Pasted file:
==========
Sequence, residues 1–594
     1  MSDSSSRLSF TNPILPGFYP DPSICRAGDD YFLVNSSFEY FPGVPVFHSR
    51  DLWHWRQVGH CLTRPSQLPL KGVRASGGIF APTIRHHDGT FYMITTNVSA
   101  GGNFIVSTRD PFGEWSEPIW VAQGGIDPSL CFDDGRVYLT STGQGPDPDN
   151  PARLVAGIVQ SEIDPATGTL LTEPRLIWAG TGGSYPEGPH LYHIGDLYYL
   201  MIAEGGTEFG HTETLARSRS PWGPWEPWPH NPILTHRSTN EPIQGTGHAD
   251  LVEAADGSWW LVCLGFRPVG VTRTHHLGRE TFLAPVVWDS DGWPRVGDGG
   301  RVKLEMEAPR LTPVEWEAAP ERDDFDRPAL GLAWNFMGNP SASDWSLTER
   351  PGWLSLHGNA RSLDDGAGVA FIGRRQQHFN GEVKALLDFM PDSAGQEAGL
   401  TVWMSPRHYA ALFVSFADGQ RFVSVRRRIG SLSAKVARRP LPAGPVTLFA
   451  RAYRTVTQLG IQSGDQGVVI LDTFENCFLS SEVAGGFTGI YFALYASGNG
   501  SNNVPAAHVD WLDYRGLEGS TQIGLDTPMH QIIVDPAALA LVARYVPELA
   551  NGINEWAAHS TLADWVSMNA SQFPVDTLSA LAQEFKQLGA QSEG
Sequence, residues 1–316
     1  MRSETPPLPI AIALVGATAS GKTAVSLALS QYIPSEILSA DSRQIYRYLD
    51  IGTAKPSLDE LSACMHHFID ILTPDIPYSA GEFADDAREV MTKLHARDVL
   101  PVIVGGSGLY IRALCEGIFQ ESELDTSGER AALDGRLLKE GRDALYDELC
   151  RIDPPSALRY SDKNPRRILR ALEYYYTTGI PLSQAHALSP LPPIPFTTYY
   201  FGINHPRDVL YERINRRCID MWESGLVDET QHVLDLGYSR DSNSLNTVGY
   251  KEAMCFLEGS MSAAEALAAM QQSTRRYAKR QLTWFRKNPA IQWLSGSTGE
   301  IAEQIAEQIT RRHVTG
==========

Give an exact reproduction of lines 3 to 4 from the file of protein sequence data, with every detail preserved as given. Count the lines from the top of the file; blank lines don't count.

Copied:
    51  DLWHWRQVGH CLTRPSQLPL KGVRASGGIF APTIRHHDGT FYMITTNVSA
   101  GGNFIVSTRD PFGEWSEPIW VAQGGIDPSL CFDDGRVYLT STGQGPDPDN